India's monsoon rains forecast to be average in August, September

Summer crop planting in India is down 4.7% year-on-year, but rainfall is expected to hit the average
calendar icon 3 August 2021
clock icon 4 minute read

"As per most parameters, we expect monsoon rains to be normal in August and September this year," Mrutyunjay Mohapatra, Director General of the India Meteorological Department (IMD), told a news conference.

Reuters reports that the IMD defines average, or normal, rainfall as between 96% and 104% of a 50-year average of 88 cms (34 inches) for the four-month season beginning in June.

In August, monsoon rains are likely to be "below normal to normal" in the central region, Mohapatra said, where soybean and cotton are grown.

Farmers generally start planting rice, corn, cotton, soybeans, sugarcane and peanuts, among other crops, from June 1, when monsoon rains typically arrive in India. Sowing usually lasts until July or early August.

Indian farmers have planted summer-sown crops on 84.8 million hectares, down 4.7% year-on-year, according to the latest data from the Ministry of Agriculture & Farmers' Welfare.

The area planted with soybean covered 9.3 million hectares, down 3.4% from a year earlier.

After lashing the southernmost Kerala coast on June 3, the monsoon spread to two-thirds of India by the end of the first half of the month, nearly 15 days earlier than expected. And then it tapered off in the third week of June. While monsoon rains were still 10% above average in June, they turned 7% below average in July. Overall rains have been 1% below average so far in the season that began in June.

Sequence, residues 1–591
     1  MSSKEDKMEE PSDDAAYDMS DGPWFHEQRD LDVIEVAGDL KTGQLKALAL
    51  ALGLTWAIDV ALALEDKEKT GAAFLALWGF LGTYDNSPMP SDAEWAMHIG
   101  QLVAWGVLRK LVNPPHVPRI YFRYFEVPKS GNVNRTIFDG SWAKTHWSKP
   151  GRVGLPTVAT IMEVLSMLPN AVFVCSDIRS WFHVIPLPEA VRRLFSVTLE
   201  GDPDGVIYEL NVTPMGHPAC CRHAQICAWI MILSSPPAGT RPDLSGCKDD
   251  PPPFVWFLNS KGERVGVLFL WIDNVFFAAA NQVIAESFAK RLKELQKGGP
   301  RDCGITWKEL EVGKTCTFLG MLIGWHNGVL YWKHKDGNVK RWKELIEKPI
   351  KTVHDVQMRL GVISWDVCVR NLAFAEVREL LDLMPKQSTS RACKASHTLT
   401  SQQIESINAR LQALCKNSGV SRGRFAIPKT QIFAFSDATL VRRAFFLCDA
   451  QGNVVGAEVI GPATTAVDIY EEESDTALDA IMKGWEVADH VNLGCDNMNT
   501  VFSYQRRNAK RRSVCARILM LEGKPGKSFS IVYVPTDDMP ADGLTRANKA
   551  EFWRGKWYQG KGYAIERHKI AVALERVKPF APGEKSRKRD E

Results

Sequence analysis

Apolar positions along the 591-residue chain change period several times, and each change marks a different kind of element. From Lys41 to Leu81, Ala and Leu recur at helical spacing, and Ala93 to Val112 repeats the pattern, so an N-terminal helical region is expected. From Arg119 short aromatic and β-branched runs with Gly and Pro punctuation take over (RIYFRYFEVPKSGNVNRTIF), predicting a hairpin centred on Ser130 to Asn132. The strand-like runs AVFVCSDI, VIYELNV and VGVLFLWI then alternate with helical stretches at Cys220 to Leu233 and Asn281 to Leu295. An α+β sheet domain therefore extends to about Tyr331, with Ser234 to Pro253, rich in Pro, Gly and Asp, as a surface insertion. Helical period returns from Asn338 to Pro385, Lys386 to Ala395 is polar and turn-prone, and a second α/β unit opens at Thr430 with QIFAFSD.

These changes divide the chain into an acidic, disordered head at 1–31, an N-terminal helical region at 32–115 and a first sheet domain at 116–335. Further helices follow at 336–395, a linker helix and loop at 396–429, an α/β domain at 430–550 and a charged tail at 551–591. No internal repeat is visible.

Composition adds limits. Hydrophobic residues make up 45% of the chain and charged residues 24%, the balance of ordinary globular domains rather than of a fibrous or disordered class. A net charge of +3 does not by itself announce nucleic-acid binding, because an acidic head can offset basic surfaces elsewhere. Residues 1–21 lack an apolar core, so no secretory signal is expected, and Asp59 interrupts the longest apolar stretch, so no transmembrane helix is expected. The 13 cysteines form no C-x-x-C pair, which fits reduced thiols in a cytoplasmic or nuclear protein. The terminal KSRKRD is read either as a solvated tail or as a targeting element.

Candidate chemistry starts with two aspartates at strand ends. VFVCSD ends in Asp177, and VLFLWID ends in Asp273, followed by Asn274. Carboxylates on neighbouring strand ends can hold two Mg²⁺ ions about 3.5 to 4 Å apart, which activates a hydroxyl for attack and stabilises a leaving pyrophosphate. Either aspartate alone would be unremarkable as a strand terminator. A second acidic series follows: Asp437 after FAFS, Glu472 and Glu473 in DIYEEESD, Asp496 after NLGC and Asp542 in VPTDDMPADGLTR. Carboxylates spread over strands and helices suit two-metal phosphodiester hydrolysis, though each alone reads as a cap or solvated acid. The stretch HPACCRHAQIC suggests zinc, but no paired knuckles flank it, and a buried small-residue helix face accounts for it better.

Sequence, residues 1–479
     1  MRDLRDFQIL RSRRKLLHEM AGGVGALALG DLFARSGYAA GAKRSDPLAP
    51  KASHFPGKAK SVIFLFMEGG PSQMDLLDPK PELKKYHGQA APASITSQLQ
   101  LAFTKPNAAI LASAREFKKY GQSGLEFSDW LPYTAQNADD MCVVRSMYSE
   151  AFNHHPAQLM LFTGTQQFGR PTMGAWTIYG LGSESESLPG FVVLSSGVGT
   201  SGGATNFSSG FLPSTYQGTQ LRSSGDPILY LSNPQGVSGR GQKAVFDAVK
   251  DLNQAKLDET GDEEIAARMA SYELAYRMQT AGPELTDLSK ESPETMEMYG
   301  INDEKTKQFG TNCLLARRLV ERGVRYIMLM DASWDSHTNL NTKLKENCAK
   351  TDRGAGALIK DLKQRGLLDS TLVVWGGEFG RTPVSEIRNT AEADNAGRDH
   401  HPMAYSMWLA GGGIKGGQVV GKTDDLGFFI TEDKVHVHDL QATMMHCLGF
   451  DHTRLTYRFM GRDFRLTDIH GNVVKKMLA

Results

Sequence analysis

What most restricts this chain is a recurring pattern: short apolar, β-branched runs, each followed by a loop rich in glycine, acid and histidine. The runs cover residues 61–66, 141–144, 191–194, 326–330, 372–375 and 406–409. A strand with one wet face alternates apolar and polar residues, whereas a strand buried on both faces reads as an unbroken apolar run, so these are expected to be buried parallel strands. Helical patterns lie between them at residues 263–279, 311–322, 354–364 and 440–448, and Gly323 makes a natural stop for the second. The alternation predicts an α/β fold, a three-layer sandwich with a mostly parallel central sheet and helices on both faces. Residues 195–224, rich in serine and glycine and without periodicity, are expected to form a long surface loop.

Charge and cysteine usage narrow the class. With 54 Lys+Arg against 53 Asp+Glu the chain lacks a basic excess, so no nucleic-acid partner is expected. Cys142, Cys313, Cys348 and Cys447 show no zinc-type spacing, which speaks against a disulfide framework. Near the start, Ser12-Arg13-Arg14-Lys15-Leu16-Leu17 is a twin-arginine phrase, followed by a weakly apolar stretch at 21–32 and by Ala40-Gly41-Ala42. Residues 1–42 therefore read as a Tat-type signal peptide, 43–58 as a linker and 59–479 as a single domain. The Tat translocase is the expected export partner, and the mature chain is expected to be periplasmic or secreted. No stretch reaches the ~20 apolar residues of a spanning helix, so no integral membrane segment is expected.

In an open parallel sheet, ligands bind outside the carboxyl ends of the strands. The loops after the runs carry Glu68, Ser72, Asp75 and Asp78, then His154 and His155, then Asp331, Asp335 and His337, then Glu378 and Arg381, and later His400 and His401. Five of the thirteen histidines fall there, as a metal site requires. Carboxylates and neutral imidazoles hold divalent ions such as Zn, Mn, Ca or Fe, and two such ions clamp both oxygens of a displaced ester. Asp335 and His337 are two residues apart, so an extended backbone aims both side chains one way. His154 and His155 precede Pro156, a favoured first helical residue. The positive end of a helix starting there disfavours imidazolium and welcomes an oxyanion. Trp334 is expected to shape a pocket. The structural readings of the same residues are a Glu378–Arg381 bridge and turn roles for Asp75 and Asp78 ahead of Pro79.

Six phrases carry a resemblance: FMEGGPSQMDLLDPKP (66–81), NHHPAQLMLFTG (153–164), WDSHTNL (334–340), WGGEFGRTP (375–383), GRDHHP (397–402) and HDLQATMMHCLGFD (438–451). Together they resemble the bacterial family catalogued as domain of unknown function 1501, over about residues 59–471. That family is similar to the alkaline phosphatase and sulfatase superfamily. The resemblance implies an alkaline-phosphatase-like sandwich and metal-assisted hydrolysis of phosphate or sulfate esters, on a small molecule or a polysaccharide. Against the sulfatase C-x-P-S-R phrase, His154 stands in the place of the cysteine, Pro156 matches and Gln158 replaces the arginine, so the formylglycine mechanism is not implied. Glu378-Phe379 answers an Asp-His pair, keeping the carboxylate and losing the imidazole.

In June, the IMD said India was likely to receive average monsoon rains this year, boosting expectations for larger farm output amid a devastating second wave of COVID-19 infections.

Sarah Mikesell


Sarah Mikesell grew up on a five-generation family farming operation in Ohio, USA, where her family still farms. She feels extraordinarily lucky to get to do what she loves - write about livestock and crop agriculture. You can find her on Twitter or LinkedIn.

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